I'm not sure if I've explained this before, so if I have, forgive me.
The human brain has two emotion control centers, one in each hemisphere. They work together in helping to regulate your emotional integrity. In Mark's brain, he only has one that is operational due to the damage and removal of brain tissue. In other words, his emotional integrity is severely hampered. When presented with a stressful situation, he is almost incapable of controlling his emotions. For Mark, this means his heart starts racing, his breathing becomes shallow and rapid, and he ends up vomiting. Lately it seems to come on very quickly. He can feel it start, he panics thinking he's going to have a seizure, vomits, and then starts crying uncontrollably. Once he can finally get the crying under control, he then can't talk about it because he'll start crying again. These "episodes" have been more frequent as of late. It's extremely frustrating for him as he feels completely out of control. At first, he didn't understand what was going on. He thought these feelings were a precursor to having a seizure. But as he further explained his symptoms to me, I talked to his doctor and he called the episodes a panic attack brought on by some stressful event. Sometimes the event might only be a thought, or conversation with someone, or a worry about something.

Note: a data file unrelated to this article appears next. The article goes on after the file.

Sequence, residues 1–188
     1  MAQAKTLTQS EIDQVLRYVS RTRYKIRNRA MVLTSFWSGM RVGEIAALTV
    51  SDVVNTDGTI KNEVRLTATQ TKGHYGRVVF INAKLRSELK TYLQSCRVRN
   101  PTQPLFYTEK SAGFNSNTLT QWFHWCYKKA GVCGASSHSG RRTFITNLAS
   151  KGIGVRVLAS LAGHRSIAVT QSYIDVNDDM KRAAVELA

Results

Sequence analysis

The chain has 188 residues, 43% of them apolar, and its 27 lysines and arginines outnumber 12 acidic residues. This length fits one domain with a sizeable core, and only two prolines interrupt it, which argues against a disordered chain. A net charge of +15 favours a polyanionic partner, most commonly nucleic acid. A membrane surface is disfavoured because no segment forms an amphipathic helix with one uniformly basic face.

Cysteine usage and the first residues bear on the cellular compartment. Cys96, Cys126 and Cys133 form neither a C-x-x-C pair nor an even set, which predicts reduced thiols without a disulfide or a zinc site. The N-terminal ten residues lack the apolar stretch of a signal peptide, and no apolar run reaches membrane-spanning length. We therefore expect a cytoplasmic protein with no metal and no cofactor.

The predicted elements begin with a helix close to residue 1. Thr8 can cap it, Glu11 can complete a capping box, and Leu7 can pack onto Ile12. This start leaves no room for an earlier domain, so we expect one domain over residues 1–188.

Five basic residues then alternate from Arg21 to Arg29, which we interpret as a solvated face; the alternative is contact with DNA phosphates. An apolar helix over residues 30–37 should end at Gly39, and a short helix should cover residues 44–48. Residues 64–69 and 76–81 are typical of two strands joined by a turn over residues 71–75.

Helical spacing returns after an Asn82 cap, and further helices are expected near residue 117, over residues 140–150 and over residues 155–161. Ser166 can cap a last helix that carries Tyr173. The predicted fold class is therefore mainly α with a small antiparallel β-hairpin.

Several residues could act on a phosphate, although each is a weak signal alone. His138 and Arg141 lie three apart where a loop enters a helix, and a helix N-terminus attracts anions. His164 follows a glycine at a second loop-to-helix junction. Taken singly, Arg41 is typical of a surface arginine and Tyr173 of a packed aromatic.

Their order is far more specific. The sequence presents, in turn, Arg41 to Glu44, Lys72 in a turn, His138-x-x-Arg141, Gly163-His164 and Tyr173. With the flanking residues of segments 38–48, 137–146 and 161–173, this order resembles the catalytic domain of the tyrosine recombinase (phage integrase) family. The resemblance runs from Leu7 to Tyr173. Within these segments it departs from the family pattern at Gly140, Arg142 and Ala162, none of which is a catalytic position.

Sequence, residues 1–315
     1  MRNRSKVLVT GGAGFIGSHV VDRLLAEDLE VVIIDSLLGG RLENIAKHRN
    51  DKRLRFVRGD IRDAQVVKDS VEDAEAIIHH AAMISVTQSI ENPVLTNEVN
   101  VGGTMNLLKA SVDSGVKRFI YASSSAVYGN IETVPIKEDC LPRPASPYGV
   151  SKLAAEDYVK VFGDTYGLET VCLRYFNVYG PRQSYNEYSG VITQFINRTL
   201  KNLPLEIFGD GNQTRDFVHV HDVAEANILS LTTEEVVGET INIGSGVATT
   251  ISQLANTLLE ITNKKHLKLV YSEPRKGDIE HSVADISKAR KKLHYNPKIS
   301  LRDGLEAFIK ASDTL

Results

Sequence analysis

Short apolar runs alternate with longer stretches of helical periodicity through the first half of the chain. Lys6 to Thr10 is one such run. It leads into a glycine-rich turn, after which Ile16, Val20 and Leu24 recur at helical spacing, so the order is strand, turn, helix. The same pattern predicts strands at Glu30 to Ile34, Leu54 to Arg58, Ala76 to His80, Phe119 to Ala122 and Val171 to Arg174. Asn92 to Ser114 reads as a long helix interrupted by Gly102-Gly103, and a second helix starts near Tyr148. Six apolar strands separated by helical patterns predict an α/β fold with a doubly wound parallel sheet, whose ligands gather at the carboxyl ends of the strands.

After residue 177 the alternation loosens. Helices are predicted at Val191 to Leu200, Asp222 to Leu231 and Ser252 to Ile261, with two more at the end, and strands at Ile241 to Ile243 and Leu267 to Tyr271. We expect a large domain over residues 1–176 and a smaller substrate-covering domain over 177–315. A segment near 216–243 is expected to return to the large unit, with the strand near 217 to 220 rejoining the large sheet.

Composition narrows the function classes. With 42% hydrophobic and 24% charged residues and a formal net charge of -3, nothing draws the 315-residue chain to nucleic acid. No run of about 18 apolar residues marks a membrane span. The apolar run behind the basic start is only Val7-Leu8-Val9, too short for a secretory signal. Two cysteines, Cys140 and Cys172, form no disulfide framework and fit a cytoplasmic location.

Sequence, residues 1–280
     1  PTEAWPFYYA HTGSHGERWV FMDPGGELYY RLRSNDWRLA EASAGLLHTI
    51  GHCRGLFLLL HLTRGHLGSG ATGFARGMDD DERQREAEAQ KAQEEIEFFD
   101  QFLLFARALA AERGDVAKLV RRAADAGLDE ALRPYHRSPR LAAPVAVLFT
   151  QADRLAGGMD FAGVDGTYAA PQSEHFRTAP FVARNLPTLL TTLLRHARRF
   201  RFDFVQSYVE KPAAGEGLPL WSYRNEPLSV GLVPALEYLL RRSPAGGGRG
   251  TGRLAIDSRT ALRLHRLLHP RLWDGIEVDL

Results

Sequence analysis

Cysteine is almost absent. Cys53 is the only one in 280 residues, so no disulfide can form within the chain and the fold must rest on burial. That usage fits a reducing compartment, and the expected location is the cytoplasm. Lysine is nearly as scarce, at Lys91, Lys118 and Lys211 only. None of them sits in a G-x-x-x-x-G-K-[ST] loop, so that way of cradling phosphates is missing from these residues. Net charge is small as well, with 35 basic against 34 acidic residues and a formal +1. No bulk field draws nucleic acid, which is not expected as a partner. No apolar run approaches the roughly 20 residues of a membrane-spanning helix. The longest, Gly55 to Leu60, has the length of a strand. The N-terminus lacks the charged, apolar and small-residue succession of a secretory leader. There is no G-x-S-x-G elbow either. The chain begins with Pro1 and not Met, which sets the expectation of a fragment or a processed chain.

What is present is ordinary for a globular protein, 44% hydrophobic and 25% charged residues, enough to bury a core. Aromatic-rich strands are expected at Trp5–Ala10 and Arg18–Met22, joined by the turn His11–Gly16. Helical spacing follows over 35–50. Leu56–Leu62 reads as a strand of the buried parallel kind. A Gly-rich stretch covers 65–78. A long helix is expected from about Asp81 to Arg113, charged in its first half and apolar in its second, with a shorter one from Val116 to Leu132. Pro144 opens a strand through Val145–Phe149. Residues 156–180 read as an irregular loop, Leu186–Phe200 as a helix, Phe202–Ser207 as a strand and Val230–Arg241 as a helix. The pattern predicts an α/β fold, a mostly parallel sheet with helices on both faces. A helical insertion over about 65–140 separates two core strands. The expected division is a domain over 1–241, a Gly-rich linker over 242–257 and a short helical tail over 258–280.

As if the symptom described above aren't enough, the only thing that can calm him down and help him get things under control is a slow release sedative like Valium. And that makes him very sleepy. Almost like being drunk. His speech is slurred and he stumbles around. You would think he would just lay down and go to sleep, but he doesn't. And that makes it not just HIS problem, but MY problem. I chuckle as I type that because when has ANY of this only been HIS problem? Anyway, it can really drain us of at least a couple of days. It's really hard. And he doesn't realize how hard it is for me. He doesn't understand how his problems are also my problems. He has a hard time thinking outside of himself. And that can be extremely frustrating and taxing for me.
When he takes that medication he doesn't remember anything. He doesn't know that it's like taking care of a drunk. He doesn't know that he has missed HOURS of his day. One night he got up at 8:45 and Madison and I were working on homework at the table and he wanted to know why she was late for school. We had to explain to him that it was dark outside, which meant it was night, and he had only been asleep for the day. Yesterday he didn't realize that it was Saturday and couldn't remember if he had been to the movie on Friday or Saturday.
The main reason I've decided to start blogging again is because so many people have said things to me like, "He's recovered so well and I can't even tell that anything happened!" Well, that's not entirely true. YES, he has recovered well. But he still suffers a lot of deficits. And no one is going to know that except me because I'm the one that lives with him. No one else knows about these episodes, the days that go by that he sleeps, the nights that go by that he DOESN'T sleep. He is not back to his old self. He never will be. This is the new Mark with all of his nuances, ticks and issues. And we're still trying to get used to him.